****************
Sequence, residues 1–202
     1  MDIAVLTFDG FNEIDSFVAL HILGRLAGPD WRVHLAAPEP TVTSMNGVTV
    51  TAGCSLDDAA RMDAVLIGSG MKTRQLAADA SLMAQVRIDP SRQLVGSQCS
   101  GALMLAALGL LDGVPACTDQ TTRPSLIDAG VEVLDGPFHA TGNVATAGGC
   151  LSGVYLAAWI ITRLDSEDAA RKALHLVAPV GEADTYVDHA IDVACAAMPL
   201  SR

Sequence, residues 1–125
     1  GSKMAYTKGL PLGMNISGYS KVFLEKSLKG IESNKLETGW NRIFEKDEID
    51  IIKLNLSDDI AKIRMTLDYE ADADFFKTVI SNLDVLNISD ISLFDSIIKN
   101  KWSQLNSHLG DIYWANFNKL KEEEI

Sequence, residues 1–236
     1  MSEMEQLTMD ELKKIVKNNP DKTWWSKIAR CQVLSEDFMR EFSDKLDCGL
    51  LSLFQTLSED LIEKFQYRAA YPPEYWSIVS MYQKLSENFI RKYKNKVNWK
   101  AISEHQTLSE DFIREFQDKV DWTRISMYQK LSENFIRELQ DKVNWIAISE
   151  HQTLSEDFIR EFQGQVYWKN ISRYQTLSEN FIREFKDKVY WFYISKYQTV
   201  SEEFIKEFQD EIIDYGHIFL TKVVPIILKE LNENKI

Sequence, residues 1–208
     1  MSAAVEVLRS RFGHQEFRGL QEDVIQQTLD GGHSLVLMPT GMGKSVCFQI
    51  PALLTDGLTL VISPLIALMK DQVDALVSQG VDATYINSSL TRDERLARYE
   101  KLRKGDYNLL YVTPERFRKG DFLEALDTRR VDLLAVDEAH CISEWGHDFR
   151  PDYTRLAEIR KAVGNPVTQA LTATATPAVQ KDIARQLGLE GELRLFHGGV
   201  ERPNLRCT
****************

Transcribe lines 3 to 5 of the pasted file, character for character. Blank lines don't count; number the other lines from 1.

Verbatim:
    51  TAGCSLDDAA RMDAVLIGSG MKTRQLAADA SLMAQVRIDP SRQLVGSQCS
   101  GALMLAALGL LDGVPACTDQ TTRPSLIDAG VEVLDGPFHA TGNVATAGGC
   151  LSGVYLAAWI ITRLDSEDAA RKALHLVAPV GEADTYVDHA IDVACAAMPL